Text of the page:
Wednesday, January 10, 2018

Puritan worship

This post will be an extensive analysis of the regulative principle of worship (RPW). I'm going to comment on two articles by William Young, as well as the Westminster Directory of Worship (i.e. The Directory for the Publick Worship of God). I've singled out Young because he's an exceptionally capable proponent of the position in question. When assessing a position, we should consider the best case for that position. 

I'm going to comment on the Westminster Directory of Worship (WDW) because it provides a classic, concrete illustration of the how the RPW was traditionally understood and implemented. The way this post is organized is that I will begin with some definitions, then compare them to the WDW, then go back to assess a more detailed exposition and defense of the RPW. Before doing that I'll make a few preliminary observations:

i) To my knowledge, the RPW was formulated in reaction to Anglican and Roman Catholic modes of worship. It was a root-and-branch solution. Because Catholic worship was so thoroughly corrupt, it was necessary to start from scratch. I don't object to that.

In the case of Anglicanism, I think that was more political than theological. The English crown attempted to subjugate the Scotland through religious uniformity. An expression of colonialism. The Scots rightly rebelled against that imperious imposition. 

ii) I've attended a wide variety of churches over the years. Since Anglicanism is one of Young's targets, I'll discuss that to illustrate. On occasions when I've attended Anglican services, I notice certain customs. Some parishioners, as well as clergy, make the sign of the cross. I don't think that's intrinsically wrong. But it can easily become mechanical or superstitious. 

After communion, some parishioners dip their fingers in the baptismal font ("holy water") and make the sign of the cross. That's rank superstition.

In addition, some parishioners, as well as clergy, genuflect before the altar. That's superstitious, but not rank superstition. Rather, that's based on belief in the real presence and reservation of the Host. I don't do any of these things. 

When I happened to be in town, I attended St. John's Shaughnessy, where J. I. Packer was a member. One time the communion hymn was Pange Lingua by Thomas Aquinas. A Corpus Christi hymn. Propaganda for Transubstantiation. Since I don't subscribe to that dogma, I didn't sing along. 

My point is that worship is that it's quite possible to be selective in one's participation. 

As opposed to the Lutheran view that there is a substantial area of adiaphora in the service of worship, the Reformed view has uniformly been that only that which is prescribed by the Word of God may be introduced into the worship of God.

"The light of nature showeth that there is a God, who hath lordship and sovereignty over all, is good, and doth good unto all, and is therefore to be feared, loved, praised, called upon, trusted in, and served, with all the heart, and with all the soul, and with all the might. But the acceptable way of worshipping the true God is instituted by Himself, and so limited by His own revealed will, that He may not be worshipped according to the imaginations and devices of men, or the suggestions of Satan, under any visible representation, or any other way not prescribed in the holy Scripture."(35)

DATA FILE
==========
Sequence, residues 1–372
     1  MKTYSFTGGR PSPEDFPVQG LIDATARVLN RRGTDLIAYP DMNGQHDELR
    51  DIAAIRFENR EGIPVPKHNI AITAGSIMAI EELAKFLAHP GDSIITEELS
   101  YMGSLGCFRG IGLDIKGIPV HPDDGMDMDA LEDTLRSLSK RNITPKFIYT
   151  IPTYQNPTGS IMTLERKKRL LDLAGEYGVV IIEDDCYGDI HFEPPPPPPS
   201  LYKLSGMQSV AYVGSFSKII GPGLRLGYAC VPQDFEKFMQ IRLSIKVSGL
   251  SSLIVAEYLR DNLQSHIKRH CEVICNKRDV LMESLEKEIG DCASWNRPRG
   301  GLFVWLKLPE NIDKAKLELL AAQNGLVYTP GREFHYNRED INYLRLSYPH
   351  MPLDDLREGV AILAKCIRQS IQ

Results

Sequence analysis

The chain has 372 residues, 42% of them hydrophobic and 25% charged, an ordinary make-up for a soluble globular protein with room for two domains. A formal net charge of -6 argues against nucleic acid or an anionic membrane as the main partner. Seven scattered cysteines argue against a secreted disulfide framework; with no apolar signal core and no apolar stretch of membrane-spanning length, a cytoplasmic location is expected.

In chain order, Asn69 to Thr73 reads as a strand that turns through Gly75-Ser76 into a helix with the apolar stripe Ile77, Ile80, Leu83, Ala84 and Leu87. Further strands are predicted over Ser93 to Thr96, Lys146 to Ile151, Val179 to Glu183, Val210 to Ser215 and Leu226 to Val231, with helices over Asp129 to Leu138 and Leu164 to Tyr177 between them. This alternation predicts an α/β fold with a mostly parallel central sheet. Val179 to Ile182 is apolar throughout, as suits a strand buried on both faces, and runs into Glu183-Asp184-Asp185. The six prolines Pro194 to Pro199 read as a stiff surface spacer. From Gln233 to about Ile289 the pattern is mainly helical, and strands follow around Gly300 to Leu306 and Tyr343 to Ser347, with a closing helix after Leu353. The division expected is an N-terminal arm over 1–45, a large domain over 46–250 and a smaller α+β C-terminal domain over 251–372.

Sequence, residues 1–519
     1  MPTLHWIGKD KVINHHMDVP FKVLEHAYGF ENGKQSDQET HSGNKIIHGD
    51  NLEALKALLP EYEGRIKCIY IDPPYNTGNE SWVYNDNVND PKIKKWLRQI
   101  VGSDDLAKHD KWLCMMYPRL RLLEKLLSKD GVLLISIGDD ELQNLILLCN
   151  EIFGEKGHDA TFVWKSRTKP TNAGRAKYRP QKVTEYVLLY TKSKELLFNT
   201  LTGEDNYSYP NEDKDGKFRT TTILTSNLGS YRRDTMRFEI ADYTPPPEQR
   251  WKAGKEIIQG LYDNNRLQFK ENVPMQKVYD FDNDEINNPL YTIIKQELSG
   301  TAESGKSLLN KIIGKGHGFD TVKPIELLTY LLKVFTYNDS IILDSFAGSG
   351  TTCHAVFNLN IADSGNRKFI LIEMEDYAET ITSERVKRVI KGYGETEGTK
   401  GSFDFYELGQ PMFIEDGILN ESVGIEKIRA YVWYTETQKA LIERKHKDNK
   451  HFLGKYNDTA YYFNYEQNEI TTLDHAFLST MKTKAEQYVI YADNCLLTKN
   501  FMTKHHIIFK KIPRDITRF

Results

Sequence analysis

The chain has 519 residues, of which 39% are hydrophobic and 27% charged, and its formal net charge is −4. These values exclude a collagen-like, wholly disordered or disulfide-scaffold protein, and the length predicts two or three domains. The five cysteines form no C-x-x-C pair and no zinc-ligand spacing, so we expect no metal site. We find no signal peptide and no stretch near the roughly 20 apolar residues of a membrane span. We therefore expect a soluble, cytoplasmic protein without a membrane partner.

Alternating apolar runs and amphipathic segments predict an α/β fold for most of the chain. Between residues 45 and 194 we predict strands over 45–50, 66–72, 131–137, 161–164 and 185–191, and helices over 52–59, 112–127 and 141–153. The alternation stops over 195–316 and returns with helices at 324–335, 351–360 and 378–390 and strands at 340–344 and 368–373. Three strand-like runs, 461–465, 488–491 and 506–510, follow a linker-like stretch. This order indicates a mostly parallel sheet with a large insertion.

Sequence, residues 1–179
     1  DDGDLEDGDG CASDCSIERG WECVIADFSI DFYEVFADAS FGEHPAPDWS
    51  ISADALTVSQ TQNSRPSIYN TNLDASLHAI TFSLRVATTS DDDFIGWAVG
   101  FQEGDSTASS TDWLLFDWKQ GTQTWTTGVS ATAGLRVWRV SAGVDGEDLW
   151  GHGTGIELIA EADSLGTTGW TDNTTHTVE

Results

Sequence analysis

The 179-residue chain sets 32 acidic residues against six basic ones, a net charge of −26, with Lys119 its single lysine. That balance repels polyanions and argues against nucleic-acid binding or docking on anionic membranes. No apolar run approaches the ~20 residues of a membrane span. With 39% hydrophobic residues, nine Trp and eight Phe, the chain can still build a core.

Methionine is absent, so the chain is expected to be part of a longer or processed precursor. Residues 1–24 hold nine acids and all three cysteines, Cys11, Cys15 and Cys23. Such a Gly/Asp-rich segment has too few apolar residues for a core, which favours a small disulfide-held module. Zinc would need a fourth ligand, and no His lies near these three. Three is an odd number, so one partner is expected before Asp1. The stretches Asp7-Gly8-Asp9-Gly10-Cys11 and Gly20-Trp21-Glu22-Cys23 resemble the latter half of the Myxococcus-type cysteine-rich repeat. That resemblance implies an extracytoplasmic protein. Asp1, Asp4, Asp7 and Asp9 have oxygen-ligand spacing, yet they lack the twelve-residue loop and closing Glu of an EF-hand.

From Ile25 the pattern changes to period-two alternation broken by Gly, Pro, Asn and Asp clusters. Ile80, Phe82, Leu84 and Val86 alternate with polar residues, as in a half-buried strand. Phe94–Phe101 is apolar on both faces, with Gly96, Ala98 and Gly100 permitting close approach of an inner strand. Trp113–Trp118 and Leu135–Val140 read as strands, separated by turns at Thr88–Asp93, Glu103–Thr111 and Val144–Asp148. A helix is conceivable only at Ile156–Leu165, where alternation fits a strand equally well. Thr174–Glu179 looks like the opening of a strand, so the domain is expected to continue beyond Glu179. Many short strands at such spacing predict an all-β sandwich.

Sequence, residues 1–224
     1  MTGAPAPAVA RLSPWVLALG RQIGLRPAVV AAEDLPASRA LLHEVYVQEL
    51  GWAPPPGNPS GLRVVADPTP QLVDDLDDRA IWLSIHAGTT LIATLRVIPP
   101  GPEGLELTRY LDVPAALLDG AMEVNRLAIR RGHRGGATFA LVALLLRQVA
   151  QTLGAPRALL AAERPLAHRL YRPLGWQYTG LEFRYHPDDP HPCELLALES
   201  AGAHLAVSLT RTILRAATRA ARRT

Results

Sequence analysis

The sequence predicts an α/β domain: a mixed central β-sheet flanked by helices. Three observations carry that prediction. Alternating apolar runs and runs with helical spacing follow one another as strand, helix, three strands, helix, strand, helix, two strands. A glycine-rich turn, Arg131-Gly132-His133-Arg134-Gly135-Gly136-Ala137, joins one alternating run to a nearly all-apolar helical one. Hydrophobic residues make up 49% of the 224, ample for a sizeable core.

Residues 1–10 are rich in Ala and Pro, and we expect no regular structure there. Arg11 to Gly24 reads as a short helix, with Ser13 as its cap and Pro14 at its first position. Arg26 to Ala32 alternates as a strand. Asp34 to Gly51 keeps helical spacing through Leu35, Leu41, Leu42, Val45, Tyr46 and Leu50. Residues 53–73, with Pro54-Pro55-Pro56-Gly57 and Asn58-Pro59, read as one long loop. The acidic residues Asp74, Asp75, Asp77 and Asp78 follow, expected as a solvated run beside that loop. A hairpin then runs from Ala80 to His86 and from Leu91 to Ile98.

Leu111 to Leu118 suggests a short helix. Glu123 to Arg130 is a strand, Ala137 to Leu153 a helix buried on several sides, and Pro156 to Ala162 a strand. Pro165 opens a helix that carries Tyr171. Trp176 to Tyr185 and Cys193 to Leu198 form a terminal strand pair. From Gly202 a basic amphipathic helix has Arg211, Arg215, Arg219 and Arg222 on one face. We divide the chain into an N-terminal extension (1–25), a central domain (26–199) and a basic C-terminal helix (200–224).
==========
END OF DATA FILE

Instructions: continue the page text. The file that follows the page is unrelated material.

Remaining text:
1. The regulative principle is a consequence of the sufficiency of Scripture. Nothing need nor may be added to the Word of God as a rule of faith and practice. Therefore only what is prescribed by the written revelation may be admitted in the worship of God. 2. The mode of prescription need not be that of explicit command in a single text of Scripture. Approved example warrants an element of worship as surely as does an express precept. 

[Perkins] Commandment in the narrow sense is not required. What God reveals to be acceptable to Him is warranted, even though it is not commanded so as to be binding on all. 

A basic problem with this definition is studied equivocation. These are two different, competing principles bundled into one:

i) What is prescribed by Scripture

ii) Approved examples

(ii) is a much weaker, looser principle than (i). (ii) is a permissive rather than prescriptive principle. An approved example doesn't ipso facto demonstrate that we are required to follow precedent; rather, if this is an approved example, then it can't be intrinsically wrong. Even approved examples aren't necessarily obligatory. Take the Nazarite vow in Acts 21:22-24. Is that apostolic example mandatory for Christians? 

At least some apostles performed miracles. Healing the sick, raising the dead, and casting out demons. Does this mean Christians in general have a duty to practice exorcism and perform miracles? 

Unless Young (and other proponents of the RPW) can show that approved examples have the force of a divine command, then they've diluted the RPW by conceding that we are free to do things in worship which we're not required to do. But once they make that concession, how, as a matter of principle, do they distinguish Reformed worship from Lutheran or Anglican worship?